It’s a good time to be a software engineer. And it’s an even better time to be a software engineer who can build virtual or augmented reality.
In the past few years, major tech companies like Google, Facebook, and Apple have been investing in virtual reality (VR) and its sibling technology, augmented reality (AR). Google just released a new “Live View” option in its popular Maps app that uses AR tech to superimpose information onto your field of vision as seen through a smartphone camera. We’ve seen similar examples of simple AR use cases, like the Ikea Place app, which works with your smartphone camera so you can see what certain pieces of furniture might look like in your house. Google is also continuing to improve its ARCore platform so that almost any phone can do things like measure depth.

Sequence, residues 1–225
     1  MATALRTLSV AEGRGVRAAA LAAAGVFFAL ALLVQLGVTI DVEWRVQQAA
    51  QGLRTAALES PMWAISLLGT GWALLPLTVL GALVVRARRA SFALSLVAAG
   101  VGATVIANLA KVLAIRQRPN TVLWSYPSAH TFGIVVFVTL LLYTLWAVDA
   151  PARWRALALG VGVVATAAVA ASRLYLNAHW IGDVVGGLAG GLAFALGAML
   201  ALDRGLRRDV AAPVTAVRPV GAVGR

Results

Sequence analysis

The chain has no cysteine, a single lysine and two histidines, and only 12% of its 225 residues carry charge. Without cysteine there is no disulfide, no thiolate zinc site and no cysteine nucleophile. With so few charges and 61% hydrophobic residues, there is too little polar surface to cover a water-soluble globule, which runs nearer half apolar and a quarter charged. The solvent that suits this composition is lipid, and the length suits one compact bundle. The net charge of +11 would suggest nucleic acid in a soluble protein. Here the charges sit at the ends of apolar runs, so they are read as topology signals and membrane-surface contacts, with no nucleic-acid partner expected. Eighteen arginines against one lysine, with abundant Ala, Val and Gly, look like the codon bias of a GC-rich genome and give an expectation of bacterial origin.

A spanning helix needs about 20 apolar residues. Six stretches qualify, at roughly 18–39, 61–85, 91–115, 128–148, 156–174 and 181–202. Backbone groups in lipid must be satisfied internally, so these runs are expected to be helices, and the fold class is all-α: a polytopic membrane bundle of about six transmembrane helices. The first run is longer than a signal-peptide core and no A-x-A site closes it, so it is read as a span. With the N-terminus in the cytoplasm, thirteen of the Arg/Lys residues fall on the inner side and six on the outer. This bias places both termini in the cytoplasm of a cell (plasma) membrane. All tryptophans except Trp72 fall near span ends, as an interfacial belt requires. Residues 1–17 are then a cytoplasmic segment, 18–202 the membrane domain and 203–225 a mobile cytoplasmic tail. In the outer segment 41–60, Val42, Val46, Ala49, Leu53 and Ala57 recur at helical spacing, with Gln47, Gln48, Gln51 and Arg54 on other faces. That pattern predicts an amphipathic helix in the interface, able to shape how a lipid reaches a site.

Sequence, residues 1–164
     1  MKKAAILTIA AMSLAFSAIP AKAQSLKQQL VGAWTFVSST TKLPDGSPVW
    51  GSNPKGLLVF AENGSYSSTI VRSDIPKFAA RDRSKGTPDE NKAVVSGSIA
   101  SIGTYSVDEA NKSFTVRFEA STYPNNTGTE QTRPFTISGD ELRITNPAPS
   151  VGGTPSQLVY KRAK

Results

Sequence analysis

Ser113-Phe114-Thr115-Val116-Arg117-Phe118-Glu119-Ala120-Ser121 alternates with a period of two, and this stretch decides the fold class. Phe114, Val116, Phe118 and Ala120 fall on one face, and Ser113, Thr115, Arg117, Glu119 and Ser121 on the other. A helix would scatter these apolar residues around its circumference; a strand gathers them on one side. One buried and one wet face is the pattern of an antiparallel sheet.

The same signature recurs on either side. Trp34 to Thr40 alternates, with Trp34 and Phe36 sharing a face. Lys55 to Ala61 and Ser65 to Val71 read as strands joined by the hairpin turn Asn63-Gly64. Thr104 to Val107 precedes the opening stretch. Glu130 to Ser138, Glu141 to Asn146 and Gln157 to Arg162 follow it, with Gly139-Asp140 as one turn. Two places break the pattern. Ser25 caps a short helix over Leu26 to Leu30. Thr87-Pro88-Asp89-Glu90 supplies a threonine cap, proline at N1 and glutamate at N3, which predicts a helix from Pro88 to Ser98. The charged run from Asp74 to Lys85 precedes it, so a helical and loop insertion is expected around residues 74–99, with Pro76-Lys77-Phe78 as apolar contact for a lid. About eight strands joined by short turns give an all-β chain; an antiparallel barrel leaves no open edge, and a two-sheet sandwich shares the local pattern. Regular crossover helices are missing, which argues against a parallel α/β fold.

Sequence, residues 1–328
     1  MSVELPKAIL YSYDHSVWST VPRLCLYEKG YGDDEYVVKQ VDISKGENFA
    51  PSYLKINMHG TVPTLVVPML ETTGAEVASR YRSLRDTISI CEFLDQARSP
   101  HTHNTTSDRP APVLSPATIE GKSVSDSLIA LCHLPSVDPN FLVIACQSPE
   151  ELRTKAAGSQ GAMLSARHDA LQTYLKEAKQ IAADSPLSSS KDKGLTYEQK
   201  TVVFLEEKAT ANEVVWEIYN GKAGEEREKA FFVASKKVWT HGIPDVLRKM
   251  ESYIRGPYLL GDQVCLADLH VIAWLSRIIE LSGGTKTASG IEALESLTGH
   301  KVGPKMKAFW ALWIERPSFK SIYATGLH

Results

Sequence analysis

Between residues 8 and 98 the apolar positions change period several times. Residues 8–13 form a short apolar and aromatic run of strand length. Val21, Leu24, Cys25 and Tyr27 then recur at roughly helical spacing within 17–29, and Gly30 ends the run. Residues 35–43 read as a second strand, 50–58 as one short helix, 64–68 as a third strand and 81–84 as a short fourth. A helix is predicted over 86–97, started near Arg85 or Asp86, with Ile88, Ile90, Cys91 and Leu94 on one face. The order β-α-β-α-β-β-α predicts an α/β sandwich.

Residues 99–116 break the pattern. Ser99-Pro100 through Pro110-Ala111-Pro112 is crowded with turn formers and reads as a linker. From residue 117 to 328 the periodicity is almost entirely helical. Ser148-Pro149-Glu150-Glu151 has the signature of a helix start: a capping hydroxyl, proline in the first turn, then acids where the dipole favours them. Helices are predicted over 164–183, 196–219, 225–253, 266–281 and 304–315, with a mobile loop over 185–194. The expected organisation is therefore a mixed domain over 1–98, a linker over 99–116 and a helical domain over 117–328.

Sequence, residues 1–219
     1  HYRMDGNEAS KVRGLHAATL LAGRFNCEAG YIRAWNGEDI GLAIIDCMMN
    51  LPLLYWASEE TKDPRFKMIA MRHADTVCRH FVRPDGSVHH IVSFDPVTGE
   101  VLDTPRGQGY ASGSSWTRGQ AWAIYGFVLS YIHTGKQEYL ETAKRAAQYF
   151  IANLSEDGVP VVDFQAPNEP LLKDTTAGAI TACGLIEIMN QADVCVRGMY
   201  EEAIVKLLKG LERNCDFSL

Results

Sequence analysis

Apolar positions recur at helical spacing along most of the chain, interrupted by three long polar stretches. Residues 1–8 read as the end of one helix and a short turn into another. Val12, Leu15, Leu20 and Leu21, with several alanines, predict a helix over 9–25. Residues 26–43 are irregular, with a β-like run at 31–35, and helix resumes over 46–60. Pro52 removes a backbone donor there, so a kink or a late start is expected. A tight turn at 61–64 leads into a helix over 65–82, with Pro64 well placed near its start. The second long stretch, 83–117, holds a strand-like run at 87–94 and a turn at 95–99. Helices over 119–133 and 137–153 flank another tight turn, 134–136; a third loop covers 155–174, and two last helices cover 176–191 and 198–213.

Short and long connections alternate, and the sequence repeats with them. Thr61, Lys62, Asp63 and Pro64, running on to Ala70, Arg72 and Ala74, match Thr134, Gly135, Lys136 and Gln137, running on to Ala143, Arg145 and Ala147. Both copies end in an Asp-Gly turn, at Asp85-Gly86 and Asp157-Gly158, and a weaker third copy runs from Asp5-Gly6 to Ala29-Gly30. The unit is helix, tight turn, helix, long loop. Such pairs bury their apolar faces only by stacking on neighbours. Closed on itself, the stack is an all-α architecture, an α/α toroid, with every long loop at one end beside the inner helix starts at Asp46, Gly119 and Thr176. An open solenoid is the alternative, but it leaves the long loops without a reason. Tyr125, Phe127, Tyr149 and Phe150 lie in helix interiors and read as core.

Better hardware will undoubtedly unlock a lot of transformative potential for virtual reality — but even more so with augmented reality. Rumors suggest that Apple will release its first AR headset in 2023. Facebook, which sells its own line of Oculus virtual reality headset products, is also betting on augmented reality. Mark Zuckerberg has said he thinks there will be an AR “breakthrough” in the next decade on the technology, and Facebook is investing heavily in the field to be the company to do that. And Microsoft’s new HoloLens 2 is being used for industrial applications like training Airbus cabin crews in virtual airplanes as well as, more controversially, military applications, including helping US soldiers prepare for combat.
The rise of AR
When it comes to the potential of virtual reality technology versus augmented reality, it’s increasingly obvious that AR is where there’s broader popular appeal. While the reach of VR is limited to gamers who wear headsets, major tech companies see VR as a gateway to more wide-reaching possibilities of AR technology. The idea is that AR can reach widespread adoption in our everyday lives, as it does with the new Google Maps feature.